Once the watch is on your wrist, you simply install the Qualcomm Toq application on your Android smartphone, and pair the Toq via Bluetooth. The Toq is currently only compatible with Android devices, and requires Android 4.0.3 or greater. I’m hopeful that iPhone compatibility will come at some point, though Qualcomm clearly has a deep investment in the Android hardware business, so I’m not holding my breath.
In the Toq application, you can send firmware updates to your phone, download new watch faces, icon sets, and arrange your favorite apps. The application also allows you to configure what applications send notifications to your watch, what calendars to sync up, which cities you get weather for, and what stocks to watch. One really nice thing about updates is that they’re done automatically, and wirelessly.
Having the ability to switch watch faces is kind of fun, and you can choose from a variety of artistic, typographic and functional displays. For my usage, I prefer the display which provide time, date and weather at a glance, but there’s also a display which shows a stock of your choice. To switch watch faces, you simply swipe your finger across the bottom of the watch face.
In addition to having a touch-sensitive display, there are areas on the watch band itself which provide touch-based interaction. Tapping the spot immediately above the display twice activates the display’s backlight, and tapping the area below the screen brings up the menu so you can select apps, check battery status and configure settings.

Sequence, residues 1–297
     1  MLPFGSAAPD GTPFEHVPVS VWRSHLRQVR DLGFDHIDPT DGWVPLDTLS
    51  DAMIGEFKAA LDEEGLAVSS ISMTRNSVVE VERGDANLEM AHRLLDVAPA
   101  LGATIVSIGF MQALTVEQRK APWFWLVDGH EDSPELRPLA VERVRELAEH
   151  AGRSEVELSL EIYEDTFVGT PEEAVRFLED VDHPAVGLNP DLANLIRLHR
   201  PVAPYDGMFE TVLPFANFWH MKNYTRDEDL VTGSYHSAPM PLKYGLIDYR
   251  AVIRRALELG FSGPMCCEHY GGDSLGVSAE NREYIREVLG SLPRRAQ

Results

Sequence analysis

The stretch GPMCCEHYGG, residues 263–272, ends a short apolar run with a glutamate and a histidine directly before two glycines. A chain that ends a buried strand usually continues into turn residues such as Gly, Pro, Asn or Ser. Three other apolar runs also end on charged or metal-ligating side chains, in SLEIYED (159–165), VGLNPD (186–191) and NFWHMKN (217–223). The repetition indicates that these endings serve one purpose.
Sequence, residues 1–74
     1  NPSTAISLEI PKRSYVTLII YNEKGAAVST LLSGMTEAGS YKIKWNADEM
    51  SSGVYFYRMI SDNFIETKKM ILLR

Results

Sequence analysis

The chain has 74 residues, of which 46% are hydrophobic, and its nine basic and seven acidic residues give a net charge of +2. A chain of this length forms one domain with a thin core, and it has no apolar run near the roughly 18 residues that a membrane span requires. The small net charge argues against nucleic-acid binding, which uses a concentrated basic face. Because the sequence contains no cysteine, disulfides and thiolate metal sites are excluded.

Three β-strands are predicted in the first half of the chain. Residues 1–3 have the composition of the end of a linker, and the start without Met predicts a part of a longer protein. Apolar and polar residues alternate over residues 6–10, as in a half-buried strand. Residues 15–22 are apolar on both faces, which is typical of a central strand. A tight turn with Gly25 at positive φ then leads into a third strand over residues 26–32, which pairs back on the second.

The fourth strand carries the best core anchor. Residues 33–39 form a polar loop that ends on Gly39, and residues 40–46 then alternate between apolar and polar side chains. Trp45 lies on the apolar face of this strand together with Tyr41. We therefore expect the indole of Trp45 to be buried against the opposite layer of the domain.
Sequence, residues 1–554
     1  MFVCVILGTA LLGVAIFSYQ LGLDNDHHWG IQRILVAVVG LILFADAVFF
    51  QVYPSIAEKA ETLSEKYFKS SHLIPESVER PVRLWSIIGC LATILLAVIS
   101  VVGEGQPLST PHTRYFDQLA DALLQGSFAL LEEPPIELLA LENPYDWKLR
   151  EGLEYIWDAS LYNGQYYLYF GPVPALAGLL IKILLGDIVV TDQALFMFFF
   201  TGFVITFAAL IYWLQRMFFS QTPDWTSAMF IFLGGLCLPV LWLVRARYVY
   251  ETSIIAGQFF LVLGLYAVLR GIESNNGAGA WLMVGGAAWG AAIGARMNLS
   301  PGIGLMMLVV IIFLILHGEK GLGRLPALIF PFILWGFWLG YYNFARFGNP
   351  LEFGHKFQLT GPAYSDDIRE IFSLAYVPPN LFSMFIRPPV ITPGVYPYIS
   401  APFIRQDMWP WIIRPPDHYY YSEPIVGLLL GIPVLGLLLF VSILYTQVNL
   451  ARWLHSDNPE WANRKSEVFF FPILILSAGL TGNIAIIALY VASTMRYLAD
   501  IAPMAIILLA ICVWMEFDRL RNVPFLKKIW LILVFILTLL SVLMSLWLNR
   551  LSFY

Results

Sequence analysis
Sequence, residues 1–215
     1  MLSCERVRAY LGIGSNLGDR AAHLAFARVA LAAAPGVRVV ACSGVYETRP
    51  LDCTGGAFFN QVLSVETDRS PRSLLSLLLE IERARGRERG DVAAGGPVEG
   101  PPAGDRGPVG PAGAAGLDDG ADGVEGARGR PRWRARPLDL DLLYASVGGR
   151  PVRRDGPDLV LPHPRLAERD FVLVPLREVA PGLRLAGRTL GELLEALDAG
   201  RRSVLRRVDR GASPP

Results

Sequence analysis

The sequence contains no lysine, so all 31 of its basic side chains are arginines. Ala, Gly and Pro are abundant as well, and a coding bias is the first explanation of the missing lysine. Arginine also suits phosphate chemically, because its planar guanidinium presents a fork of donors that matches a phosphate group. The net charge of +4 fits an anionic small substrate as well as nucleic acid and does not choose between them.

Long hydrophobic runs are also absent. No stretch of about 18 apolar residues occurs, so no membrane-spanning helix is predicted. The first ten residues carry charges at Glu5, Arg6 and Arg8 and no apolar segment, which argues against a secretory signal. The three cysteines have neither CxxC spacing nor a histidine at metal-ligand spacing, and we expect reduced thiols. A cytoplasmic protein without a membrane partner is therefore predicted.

With a connection established between watch and phone, you will immediately start receiving text messages and other notifications on your wrist. In addition, any time the phone rings, you’ll get alerted, along with caller ID information and the ability to answer or ignore the call. All alerts are silent, but are accompanied by vibration by default. Assuming you’re wearing a Bluetooth headset, or connected to Bluetooth hands-free in your car, you can take the call then and there. Just keep in mind that the Toq doesn’t act as a speaker or microphone itself, but Qualcomm is offering companion headsets as an accessory.
Text messages work well, and you can even reply to messages with one of a number of canned responses you’ve stored ahead of time using the Toq smartphone app. You can also check your calendar from your wrist, and Qualcomm’s simple and clean interface makes it easy to scroll through your calendar by swiping up or down on the screen. However, it only seems to display calendar entries for the current day and tomorrow, so it’s not a full-fledged calendar.